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Thursday, 11 March 2010
Page: 1603


Senator BOB BROWN (Leader of the Australian Greens) (10:49 AM) —I would like to say a few words on this motion. I am surprised that the opposition has no contribution to the debate and I hope I may be able to evoke some. I thank Senator Xenophon for bringing forward this motion—


Senator Chris Evans —Evoke or provoke?


Senator BOB BROWN —Evoke. I thank Senator Xenophon for his work in presenting this very worthwhile proposal to the Senate, as he outlined. This is not about the charitable sector, which is what the government has just spoken about. This is about dangerous cults who take over people’s lives, manipulate them, make lots of money out of them and cut across the lives of vulnerable people who want to find fulfilment in the widest sense of the word. It is about the entrapment of people by sects that take over their lives, their livelihoods and their families and interfere with people’s ability to find the greatest expression of their talents, their fulfilment and their dreams and desires in life.

Scientology is such a group. I am grateful to Senator Milne for this extract from a Scientology website, where the sect puts forward the belief that ‘the health and sanity of the child begin long before birth’. You cannot go past a newsstand at the moment without seeing that Katie Holmes, the film star, is being sent to Scientology boot camp. Apparently, the sessions at boot camp are designed to reveal any ‘hidden crimes’ that a person made in their past lives that may be affecting what is going on at the moment. Sure, we can all debate whether past lives have an effect on us and so on, or whether we have got future and past lives; that is part of the human condition. But when people are sent to camps where they are deprived of wider intercourse with society, where their mind and guilt button are to be reformulated by somebody who thinks they know better—Mr Hubbard, for example—we have to worry about it greatly.

Even then our society is a free, open and democratic one where beliefs and ideas are expressed to the fullest. But should taxpayers be supporting the promotion of cults, which the Prime Minister himself has designated as dangerous, like the Exclusive Brethren and the Scientologists, to the extent of millions of dollars in forgone taxes so that they can put upon people in this sort of fashion? Let us have a look at it.

Senator Xenophon has called for a reference to the Economics References Committee by the Senate to look at the appropriateness of applying the public benefit test currently in place in the UK on such organisations. I think that good charities—and the word ‘charity’ means helping other people—are actually besmirched by the activities of dangerous cults like Scientology and Exclusive Brethren. I do object, and I know that many other Australians object, to millions of dollars being siphoned off to these organisations from the public purse because we have not refined our ability to say that a dangerous cult ought not be getting that money. The Exclusive Brethren I have spoken about in this place before comes into this category too. It is one that cuts across people’s lives to damage their relationship with their kith and kin, because of somebody else’s belief system not because of that person’s own belief or behaviour. That is very worrying about Scientology.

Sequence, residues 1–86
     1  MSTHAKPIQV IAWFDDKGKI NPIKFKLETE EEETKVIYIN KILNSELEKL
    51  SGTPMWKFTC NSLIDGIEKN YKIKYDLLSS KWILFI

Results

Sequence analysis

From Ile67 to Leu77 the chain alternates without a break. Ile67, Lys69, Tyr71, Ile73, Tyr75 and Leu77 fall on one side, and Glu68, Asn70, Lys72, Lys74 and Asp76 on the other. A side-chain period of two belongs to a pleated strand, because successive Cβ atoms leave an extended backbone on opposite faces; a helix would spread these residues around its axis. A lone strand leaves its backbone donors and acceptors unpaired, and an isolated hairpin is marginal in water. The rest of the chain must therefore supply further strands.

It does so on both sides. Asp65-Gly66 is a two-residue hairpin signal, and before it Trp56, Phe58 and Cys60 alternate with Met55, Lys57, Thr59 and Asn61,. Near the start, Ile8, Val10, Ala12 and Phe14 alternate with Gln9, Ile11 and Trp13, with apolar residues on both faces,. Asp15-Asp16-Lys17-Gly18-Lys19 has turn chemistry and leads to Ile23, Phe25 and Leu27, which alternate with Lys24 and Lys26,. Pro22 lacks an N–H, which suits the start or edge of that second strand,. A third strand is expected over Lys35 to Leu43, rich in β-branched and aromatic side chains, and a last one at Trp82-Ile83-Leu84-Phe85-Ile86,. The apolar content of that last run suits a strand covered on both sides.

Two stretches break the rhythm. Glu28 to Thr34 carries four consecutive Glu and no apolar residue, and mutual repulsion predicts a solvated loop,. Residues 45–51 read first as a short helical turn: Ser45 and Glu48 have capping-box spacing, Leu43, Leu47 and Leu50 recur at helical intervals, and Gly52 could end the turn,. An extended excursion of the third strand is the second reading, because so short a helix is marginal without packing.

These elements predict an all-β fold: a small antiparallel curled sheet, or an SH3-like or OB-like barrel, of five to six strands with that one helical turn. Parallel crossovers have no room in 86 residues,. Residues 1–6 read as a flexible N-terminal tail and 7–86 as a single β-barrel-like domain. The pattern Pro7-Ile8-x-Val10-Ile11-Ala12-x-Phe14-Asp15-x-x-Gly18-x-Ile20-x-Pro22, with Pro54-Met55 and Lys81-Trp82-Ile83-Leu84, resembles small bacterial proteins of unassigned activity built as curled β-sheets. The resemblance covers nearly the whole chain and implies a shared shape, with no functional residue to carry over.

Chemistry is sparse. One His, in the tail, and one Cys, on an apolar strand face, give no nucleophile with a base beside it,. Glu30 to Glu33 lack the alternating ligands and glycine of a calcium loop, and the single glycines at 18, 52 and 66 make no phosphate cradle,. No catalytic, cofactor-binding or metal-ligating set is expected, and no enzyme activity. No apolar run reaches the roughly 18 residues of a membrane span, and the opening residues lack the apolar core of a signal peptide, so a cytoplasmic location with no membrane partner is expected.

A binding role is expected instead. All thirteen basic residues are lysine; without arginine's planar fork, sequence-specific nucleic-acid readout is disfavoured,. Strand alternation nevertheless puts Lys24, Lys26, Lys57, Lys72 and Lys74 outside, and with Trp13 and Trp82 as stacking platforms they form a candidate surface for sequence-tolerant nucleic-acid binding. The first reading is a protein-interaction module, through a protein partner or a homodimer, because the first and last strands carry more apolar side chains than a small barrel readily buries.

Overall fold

I congratulate Senator Xenophon for the very measured way in which he has had the gumption to bring before this Senate and this parliament the concern of many Australians about what Scientologists are doing. Very often bright young people who are vulnerable have their lives knocked sideways by these somewhat crazy ideas of Ron Hubbard, as if his intergalactic theories are a truth which people should accept and, if they do not, they should be punished by going to boot camp. Surely we are beyond that and surely we are not going to have taxpayers’ money funding that, and I am pre-empting what I think an inquiry would find here.

We have had no adequate explanation from the government as to why it is not supporting this. There will be people in the wider charitable sector worried by such an inquiry. Maybe governments are going to start to levy conditions which might threaten genuine charitable organisations. I do not think so. We should not be frightened of this. We have got the common sense to be able to define and look at tests which separate genuine charitable and community and non-government organisations from dangerous, mind-bending cults, which end up causing havoc, distress, unhappiness and such things as abortions for people who are being directed by what they think is an authority greater than themselves, and which of course is nothing of the sort.

Because the big parties continue to line up against it, I am very concerned that this chamber and this parliament are failing to act in an area where good governance is required. The debate about Scientologists in Germany has led to a much better outcome, I think. They stopped short of banning the organisation, although that was very much on the parliamentary agenda, but they have debated it in full. I think the same should be occurring here. We should not simply move onto the other side of the road or turn our backs on very fine Australians, particularly a lot of young Australians, who fall prey to dangerous cults like the Scientologists or who are locked up, separated from their families by warped organisations like the Exclusive Brethren. I support this inquiry.